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Dead to the World (iZombie) Paperback – March 22, 2011

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Editorial Reviews

Amazon.com Review

Alex Carr Reviews iZombie for Omnivoracious

While fans of AMC’s The Walking Dead gnash their teeth in anticipation for the second season, Vertigo offers a surprising new take on the zombie genre this month with iZombie. Written by Chris Roberson and with artwork by cult favorite Mike Allred, Volume 1: Dead to the World is a significant tonal shift from most zombie comics on the market. It’s told from the perspective of a female zombie named Gwen Dylan, whose undead existence comes with a great twist: in order to maintain the pretense that she’s alive, Gwen must consume human gray matter once a month or else her zombie instincts take over. Along with the brainy aftertaste comes selective memories from the deceased, and Gwen is cursed with flashbacks that are not her own. It’s a tough gig, coupled with a job digging graves (bright side: her day job provides those necessary late-night snacks that she reluctantly craves), and the irony is not lost on her:

This is, by the way, totally some kind of symbol for my entire existence. Digging holes in the morning, filling them up in the afternoon, and sneaking in at night to dig ‘em back up again. Over and over. Like that guy in the Greek hell who rolled a big rock up and down a hill all day. What was his name? Syphilis? Something like that, anyway. Whatever. Seriously, though, I’d switch places with the dead Greek guy in a second.

Gwen’s best friend, Ellie, is a lonely ghost stuck in 1960s fashion, but she wears it well. Her melancholic state is just as interesting as Gwen’s predicament, and Roberson develops both female characters with an easy-going, natural manner, giving iZombie a refreshingly frank attitude. When Gwen’s oblivious coworkers ask her to join them after work, she off-handedly dismisses them: “I’ve got to wash my hair, or something suitably girly like that.” Even undead, Gwen is too cool--a graveyard hipster, hiding her secret under a thick coffin liner of aloofness.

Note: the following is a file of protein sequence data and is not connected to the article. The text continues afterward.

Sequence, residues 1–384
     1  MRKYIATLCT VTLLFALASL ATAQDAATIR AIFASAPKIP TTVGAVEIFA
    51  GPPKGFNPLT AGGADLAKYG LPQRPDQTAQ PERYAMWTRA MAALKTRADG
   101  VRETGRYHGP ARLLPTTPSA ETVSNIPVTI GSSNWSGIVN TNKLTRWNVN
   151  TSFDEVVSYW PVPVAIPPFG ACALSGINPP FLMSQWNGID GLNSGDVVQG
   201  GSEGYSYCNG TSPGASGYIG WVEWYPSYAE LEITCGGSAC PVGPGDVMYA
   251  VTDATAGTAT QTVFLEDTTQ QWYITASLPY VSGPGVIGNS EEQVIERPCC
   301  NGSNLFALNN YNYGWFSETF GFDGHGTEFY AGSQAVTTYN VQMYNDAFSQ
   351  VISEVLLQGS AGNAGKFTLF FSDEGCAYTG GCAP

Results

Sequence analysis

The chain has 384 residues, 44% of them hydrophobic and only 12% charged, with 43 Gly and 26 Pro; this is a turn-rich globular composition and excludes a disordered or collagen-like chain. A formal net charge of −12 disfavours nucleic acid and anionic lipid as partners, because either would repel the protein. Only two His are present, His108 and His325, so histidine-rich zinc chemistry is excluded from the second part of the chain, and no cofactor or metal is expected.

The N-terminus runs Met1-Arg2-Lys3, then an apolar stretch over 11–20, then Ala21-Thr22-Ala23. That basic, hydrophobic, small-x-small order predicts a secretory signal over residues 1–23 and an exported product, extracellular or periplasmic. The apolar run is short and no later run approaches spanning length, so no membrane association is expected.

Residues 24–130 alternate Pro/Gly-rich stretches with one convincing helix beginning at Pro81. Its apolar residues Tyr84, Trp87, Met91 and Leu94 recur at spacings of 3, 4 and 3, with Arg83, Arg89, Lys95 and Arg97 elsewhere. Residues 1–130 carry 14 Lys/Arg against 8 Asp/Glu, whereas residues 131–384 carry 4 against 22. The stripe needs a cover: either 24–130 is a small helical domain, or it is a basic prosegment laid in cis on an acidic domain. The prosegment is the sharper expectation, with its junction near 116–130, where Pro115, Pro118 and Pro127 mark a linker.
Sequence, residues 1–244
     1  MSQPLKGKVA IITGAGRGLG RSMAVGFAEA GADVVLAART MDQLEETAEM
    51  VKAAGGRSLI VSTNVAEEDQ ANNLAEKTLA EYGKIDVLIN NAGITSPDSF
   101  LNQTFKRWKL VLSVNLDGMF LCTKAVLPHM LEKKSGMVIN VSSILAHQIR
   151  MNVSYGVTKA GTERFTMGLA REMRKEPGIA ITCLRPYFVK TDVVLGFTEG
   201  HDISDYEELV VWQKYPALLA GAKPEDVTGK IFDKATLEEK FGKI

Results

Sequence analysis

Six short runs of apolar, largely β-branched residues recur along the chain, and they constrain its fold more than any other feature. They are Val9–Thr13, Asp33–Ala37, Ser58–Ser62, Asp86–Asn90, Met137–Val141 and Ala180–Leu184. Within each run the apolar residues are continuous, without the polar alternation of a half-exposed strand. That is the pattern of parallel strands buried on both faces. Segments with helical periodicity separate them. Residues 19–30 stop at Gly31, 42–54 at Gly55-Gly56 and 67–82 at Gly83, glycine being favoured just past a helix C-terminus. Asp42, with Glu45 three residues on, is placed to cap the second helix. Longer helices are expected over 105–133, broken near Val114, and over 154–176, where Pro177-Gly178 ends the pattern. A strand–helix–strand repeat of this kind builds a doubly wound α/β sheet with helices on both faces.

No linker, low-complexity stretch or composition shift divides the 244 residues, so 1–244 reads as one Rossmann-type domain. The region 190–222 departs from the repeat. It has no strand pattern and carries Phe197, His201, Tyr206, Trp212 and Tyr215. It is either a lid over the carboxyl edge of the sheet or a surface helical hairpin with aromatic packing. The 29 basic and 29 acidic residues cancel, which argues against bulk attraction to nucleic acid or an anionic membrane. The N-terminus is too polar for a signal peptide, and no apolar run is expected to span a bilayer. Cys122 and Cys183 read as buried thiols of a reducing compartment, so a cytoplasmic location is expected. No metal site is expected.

Once Gwen cracks the latest cranium and devours its innards, however, she uncovers a murder mystery that threatens to spoil her detached routine. She, Ellie, and their were-terrier pal, Scott, form an askew Scooby-Doo alliance to solve the case, and along the way they cross paths with a sorority comprised of vamping vamps, a pair of strange men in white coats, and a Hugh Hefner-esque mummy who might hold more answers than Gwen imagined.


Mike Allred’s pop art leanings imbue iZombie with a sly, ever-smirking temperament. His characters inhabit a canvas that’s instantly recognizable as his own: bold, unblended lines case characters who seem partially aware of the comic panels that frame their stories. They knowingly pose, at once a part of and removed from their backgrounds. The artwork is muddier than Allred’s Madman series, yet not as sharp-edged as his X-Force/X-Statix run. The paperback collection includes over ten pages of sketchbook material from Allred, and it’s fun to see his pencil-work before it gets handed off to his wife, Laura, for coloring.

Seattle fans of Chris Roberson can catch up with the writer at this weekend’s Emerald City Comicon 2011, to be held in the Seattle Convention Center. The official website has the full list of attendees and events, including panel discussions with creators and publishers, a list of comics vendors, a map of Artists Alley, and Q&As and autograph sessions with media guests. It’s an impressive batch of comics celebs, and I have my backissue checklist already queued up on my phone.


About the Author